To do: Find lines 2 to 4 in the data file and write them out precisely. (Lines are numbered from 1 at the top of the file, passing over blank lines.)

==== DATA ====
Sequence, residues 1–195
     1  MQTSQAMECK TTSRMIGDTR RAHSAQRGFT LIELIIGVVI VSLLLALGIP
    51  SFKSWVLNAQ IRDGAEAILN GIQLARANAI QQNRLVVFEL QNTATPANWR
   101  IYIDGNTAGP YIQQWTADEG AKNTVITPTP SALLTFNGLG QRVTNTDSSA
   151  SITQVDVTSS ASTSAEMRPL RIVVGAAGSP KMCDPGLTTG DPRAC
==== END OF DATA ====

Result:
     1  MQTSQAMECK TTSRMIGDTR RAHSAQRGFT LIELIIGVVI VSLLLALGIP
    51  SFKSWVLNAQ IRDGAEAILN GIQLARANAI QQNRLVVFEL QNTATPANWR
   101  IYIDGNTAGP YIQQWTADEG AKNTVITPTP SALLTFNGLG QRVTNTDSSA